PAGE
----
Dr. Regine Galanti, author of Anxiety Relief for Teens, spoke in an article to Newsweekly said finding something you enjoy doing is really important to have during this time. He also pointed out that staying away from news or limiting news consumption is an important thing to do, so turning on a game like Animal Crossing is a great way to help reduced anxiety surrounding Covid-19. So even though it looks like I do nothing but play a virtual reality game with two dogs and a cat as villagers, it really is an escape from the world and allowing 

to be ‘normal’ for a couple of hours. link to article – 

My lockdown has been spent with my mum, dad, sister of 18, my brothers of 17 and 8 who are also both autistic. Taking away from me I think it is important that we reflect on those with special needs during these tough times. Their daily routines and life as they know it has been stripped away from them with no warning and no explanation as to when this will all finally be over. Brooklyn, as any other normal teenager, has spent him time playing games and ignoring the global outbreak of this disease. However, Jack, the youngest, has struggled profoundly. Not understand why he can’t go to football training as he usually would on a weekend to see his friends and really missing school. Keeping him occupied and reducing his anxiety has been my goal really of this entire lockdown. 

Courtney has a special bond with her youngest brother Jack, 8

Which leads me onto something else that I have been playing to keep me going; Pokemon Go. As an avid Pokemon lover I decided to reinstall the game and make daily exercise walks of an hour more entertaining by completing in game challenges and catching as many Pokemon has humanly possible within an hour. The game developers Niantic also understood the struggles of not being allowed out of the house much and tweaked the game by allowing players to play from the comfort of their own homes without having to leave. Jack in particular gained from this game as it helped reduce his anxiety and merely forget about world walking around in ‘scary masks’ as he once described it and for a second feeling like the world was as he knew it once more.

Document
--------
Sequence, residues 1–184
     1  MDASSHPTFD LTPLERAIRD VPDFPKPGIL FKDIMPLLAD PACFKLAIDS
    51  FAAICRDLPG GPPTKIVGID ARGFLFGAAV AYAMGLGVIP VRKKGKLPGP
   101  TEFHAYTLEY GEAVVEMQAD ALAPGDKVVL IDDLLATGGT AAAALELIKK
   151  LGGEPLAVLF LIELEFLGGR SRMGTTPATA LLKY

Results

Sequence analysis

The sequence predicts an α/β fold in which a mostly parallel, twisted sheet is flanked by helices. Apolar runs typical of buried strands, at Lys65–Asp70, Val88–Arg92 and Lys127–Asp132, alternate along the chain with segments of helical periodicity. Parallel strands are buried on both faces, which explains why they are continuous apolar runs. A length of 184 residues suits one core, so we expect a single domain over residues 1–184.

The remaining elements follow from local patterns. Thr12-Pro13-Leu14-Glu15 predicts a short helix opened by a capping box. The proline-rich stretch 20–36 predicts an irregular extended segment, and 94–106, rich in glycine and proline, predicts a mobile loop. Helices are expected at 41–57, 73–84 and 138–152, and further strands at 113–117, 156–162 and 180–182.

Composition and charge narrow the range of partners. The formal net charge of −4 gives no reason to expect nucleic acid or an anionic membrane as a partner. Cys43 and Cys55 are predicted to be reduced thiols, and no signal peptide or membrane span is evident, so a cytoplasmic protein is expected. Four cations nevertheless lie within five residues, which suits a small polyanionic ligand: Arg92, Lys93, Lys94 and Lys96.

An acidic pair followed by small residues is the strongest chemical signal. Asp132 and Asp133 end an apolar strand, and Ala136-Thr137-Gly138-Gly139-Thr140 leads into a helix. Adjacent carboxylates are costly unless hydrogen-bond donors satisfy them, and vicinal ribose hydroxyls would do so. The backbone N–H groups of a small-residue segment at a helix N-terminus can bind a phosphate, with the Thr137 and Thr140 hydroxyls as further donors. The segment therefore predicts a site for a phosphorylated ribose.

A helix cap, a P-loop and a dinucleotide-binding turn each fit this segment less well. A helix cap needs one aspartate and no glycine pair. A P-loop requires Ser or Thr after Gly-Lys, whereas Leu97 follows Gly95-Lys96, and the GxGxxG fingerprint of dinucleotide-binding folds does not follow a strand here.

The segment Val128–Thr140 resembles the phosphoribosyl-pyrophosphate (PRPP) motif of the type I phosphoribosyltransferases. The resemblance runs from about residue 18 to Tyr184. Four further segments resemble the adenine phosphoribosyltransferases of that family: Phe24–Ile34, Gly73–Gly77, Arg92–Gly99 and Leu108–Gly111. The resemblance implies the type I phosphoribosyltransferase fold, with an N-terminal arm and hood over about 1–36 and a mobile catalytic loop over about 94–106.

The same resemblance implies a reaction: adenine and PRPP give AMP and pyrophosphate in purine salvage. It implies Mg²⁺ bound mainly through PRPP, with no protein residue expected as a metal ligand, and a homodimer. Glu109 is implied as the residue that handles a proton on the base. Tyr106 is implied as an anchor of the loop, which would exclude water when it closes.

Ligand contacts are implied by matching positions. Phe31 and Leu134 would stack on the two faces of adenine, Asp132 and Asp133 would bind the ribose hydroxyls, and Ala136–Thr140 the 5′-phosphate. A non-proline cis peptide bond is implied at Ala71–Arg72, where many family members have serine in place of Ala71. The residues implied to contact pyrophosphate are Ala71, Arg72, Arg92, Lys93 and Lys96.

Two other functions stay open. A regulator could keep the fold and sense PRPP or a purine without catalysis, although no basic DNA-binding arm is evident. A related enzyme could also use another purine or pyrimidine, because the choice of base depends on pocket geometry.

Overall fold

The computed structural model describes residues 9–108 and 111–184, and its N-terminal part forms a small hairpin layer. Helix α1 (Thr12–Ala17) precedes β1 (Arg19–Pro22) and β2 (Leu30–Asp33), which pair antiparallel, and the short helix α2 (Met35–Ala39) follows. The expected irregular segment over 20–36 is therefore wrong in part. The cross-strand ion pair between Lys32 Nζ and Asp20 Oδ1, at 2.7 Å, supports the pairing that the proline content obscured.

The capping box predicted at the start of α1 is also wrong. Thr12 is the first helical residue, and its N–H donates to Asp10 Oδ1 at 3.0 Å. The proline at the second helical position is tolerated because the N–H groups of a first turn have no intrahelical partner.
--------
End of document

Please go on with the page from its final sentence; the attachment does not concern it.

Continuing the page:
The impact of being secluded from socialisation

As someone who strives from social events, being restricted to my home and only being surrounded by my household has been extremely difficult for me. In a normal year I attend around 3 to 6 comic cons a year in London and around the country, as well as attending numerous amounts of concerts. Luckily in January I was able to go to London for the day to attend Winter Wonderland but unfortunately, I’ve not attending a single comic con, and as I have been attending them for over 8 years now, it was a huge shock to my mental health. Not having any count downs in my phone to seeing stars I admire from TV or the friends I have made from all across the world has been extremely difficult for me. But I also try to find a positive. 

Here’s to the future

Most nights I have been messaging friends or daydreaming about everything I want to do once this pandemic is over, and I think that’s the best thing anyone can do when you’re in this situation. Reminding yourself that this situation, in relation to your whole life, is only a small chunk of time and soon it will all be over, and we can go back to life as we knew it. If this pandemic has taught me anything it’s to not take anything for granted again and to always say yes. Sometimes my friends or family would ask me to go out for lunch or go on a night out with them and I’d always use the excuse of ‘I’m too tired’ or ‘I can’t be bothered’. But I won’t be using that anymore. Say yes to new adventures, even if you’re too tired, because life is too short to take for granted. Make memories with the ones you have around you and enjoy life to the fullest.